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View Full Version : any advice on developing fine motor skills and hand strength?



AmyinWI
02-22-2012, 08:48 PM
my ds needs to work on these areas.
It's hard to get him to cooperate, because he only likes some activities and others he just refuses to do. :unsure:

He has low muscle tone(down syndrome) so getting him to grasp anything with a lot of strength is tough. It seems to be on his own terms. For example: if he is holding a favorite toy and I try to take it, he will hold on with all his might.
But trying to get him to squeeze play dough or clay is nearly impossible. I think it has to do with the textures he doesn't like.

Same for fine motor, he has no interest in holding a crayon or pencil. He will scribble a few times and throw it. Trying to get him to pick up small objects is pretty impossible as well.
any suggestions?

Lisalyn
02-22-2012, 09:22 PM
Does he like to crumple paper? :lol: I know my boys like the sound and the action of crumpling paper. You can start with thin paper like phone book pages and move to thicker paper. Use both hands, working to crumpling a full sheet with one hand.

Fine motor-we did coin translation-we used a coffee can, cut a slit in the lid, then used large round pattern blocks, eventually moving to small round chips and smaller slit in the lid. Pick up the block/chip and push it through the slit like a piggy bank.

Hope this helps.

Jennifer in VA
02-24-2012, 07:05 AM
some of the following you son might not like, given what you've mentioned, but this is pulling from the recesses of my brain. Our oldest has has o/t isssues all his life it seems.


thinking pudding, play doh, etc. (make snakes, balls, marbles, etc. either one handed or with both)
sidewalk chalk
paint the sidewalk with water and a paint brush; saw a recipe to make colored paint for the driveway somewhere, I'll see if I can find it
squirt guns or spray bottles - have him help clean windows by spraying water and wiping it off - I know it creates more work, but I have had to let a lot of that sort of stuff go in order to help oldest get ahead
sort a pile of coins by picking them up, one at a time, and putting into proper pile
use a close pin to grasp a penny and flip it over (or start just using fingers)
roll a pencil across the table, slowly, using different fingers
use a stress ball to squeeze and release all fingers
cutting paper or multiple layers of paper
lacing boards
lace a string or rope with beads


This is all I can remember from the activity packs our kid had.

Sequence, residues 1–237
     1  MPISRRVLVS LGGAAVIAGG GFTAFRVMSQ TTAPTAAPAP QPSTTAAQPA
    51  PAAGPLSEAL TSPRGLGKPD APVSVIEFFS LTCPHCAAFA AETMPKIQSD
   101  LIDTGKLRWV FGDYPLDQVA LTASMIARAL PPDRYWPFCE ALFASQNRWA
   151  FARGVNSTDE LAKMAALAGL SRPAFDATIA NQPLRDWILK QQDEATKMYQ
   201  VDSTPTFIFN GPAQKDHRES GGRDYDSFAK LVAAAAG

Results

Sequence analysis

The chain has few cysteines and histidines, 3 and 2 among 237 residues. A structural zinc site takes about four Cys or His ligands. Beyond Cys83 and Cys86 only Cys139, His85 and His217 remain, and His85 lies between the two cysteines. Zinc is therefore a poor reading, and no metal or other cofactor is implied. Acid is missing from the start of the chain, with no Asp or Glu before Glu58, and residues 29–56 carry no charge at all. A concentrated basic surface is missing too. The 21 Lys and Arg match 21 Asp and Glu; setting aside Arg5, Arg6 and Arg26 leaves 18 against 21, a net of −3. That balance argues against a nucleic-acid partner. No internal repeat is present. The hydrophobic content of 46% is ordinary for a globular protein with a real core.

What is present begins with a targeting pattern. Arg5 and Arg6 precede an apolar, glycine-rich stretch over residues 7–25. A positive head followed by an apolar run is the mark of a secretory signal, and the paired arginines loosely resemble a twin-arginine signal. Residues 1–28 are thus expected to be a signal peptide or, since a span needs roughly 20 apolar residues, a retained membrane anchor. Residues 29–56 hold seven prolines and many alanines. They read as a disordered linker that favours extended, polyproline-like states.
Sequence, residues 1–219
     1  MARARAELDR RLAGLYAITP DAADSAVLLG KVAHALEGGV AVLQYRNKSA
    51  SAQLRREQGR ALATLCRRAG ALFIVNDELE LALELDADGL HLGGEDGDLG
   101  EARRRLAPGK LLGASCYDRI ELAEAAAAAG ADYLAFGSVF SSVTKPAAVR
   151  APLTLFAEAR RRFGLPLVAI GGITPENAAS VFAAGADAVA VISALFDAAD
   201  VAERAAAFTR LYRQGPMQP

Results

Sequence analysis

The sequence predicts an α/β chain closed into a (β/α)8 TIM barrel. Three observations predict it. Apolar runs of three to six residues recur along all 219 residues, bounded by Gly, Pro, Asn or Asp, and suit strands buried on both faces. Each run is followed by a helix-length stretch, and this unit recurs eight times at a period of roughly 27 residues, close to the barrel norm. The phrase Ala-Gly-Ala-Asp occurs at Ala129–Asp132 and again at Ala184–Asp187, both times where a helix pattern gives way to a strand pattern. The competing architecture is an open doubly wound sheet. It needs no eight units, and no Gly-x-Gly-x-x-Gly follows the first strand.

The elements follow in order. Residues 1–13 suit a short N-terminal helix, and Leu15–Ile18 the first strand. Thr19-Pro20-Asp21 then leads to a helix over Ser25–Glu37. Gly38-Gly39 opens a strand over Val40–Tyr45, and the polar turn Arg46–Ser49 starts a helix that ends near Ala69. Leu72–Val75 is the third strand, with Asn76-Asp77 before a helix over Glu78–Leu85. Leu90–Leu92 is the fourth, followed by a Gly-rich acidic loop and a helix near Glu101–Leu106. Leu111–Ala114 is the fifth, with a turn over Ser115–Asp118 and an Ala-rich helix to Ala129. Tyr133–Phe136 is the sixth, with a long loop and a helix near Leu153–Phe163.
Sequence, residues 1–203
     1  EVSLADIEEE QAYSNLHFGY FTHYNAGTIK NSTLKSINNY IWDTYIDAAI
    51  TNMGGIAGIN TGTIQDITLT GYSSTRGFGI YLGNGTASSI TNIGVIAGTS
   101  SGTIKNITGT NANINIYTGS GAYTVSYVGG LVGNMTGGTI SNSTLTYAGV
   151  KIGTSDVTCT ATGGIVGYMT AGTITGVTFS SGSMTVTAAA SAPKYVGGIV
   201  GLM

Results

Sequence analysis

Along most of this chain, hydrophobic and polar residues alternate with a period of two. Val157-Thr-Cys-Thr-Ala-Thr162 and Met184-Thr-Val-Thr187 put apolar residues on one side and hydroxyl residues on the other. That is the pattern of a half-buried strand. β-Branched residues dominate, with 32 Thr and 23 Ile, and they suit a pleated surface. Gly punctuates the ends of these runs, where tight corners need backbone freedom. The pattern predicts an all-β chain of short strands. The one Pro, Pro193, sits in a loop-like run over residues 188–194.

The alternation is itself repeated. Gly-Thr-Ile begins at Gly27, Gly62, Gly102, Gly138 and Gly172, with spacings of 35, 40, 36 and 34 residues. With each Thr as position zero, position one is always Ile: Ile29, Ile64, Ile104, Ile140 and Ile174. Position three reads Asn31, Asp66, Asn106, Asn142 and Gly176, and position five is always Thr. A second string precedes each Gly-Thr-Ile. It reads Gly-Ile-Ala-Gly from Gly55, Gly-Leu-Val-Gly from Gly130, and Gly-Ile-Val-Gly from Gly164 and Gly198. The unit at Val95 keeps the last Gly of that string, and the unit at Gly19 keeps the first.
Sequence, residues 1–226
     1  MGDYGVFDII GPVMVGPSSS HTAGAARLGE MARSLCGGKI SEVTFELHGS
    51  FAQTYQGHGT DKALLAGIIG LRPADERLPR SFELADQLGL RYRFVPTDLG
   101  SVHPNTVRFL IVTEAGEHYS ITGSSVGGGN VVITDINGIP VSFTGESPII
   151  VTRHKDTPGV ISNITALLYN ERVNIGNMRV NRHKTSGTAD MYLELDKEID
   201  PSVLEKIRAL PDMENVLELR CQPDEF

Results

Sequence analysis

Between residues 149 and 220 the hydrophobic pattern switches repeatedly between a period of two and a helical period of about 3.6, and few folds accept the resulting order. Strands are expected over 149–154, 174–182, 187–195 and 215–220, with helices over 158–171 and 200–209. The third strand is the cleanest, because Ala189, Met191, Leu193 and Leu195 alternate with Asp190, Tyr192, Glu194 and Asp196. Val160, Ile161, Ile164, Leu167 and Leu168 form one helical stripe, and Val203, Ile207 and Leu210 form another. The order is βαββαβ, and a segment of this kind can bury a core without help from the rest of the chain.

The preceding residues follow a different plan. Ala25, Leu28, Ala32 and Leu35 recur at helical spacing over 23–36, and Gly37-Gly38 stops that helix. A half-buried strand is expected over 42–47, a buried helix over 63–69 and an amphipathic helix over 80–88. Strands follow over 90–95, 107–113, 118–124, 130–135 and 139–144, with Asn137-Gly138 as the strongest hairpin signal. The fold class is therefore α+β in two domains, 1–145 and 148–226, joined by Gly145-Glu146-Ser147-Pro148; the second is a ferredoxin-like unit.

CINDY LB OH
02-24-2012, 07:29 AM
What are his favorite toys and things to do?

Does he like stuffed animals and music? Find some of those stuffed animals where you have to squeeze it's hand or tummy and it will talk or play music.

What about a small flashlight with a push button? Or an old cassette player with push buttons, and old tapes to put in and out and play.

Large nuts and bolts to screw together?

Does he like sand? Give him small containers for filling and pouring. If you don't want sand in the house (understandable), you could use colored rice. We like to use lentils... they have a very soft, silky texture. Hide small toys that he has to find and pick out.

Magnets on the refrigerator?

Jill in Monrovia
02-24-2012, 11:33 AM
You didn't mention an age but Tiddlywinks might be something to look into using.

Jill in Monrovia

AmyinWI
02-24-2012, 01:19 PM
he is 4 1/2. due to his autism diagnosis, he won't play with things as they are intended, so that is part of the issue too.

He will push small buttons on things that make noise(like his refrigerator leapfrog toys) or sometimes on animals that make noise when you squeeze the hand.
Mostly every thing that motivates him, has to make a sound, or light up in some way.

He does play with sand, but mostly to fling it around, not to dump ,pour, make castles,etc.
He has no interest in things like lacing, or drawing, painting,working puzzles etc. most of his play is not very purposeful. I don't know how to get him to WANT to do these things.
see my dilemma??

Angela in MT
02-24-2012, 02:03 PM
Wow Amy! We are in the exact same boat as you with our dd. Same dxs and everything!

One thing that our OT has us do is use those pop beads. Pulling them apart really strengthens the hands. We stand behind her to help and make sure she doesn't just throw them.

Also, as you probably know, muscle strength starts at a person's core and flows out to the extremities. Our dd has ok core strength, but poor tone in her arms, hands, and fingers. To that end we have started doing PT in the pool. We are doing it in the pool because she has so little interest in normal toys, appropriate play, etc. We just started but so far I am pleased!

Another thing we do is have her wheelbarrow walk around the house to build arm strength.

HTH!

TonyaP
02-24-2012, 02:36 PM
Duplo, Lego, or some of the other building blocks that link together might be helpful.

Maybe something like this:
http://www.littletikes.com/kids-toys/classic-wee-waffle-blocks-bucket-assortment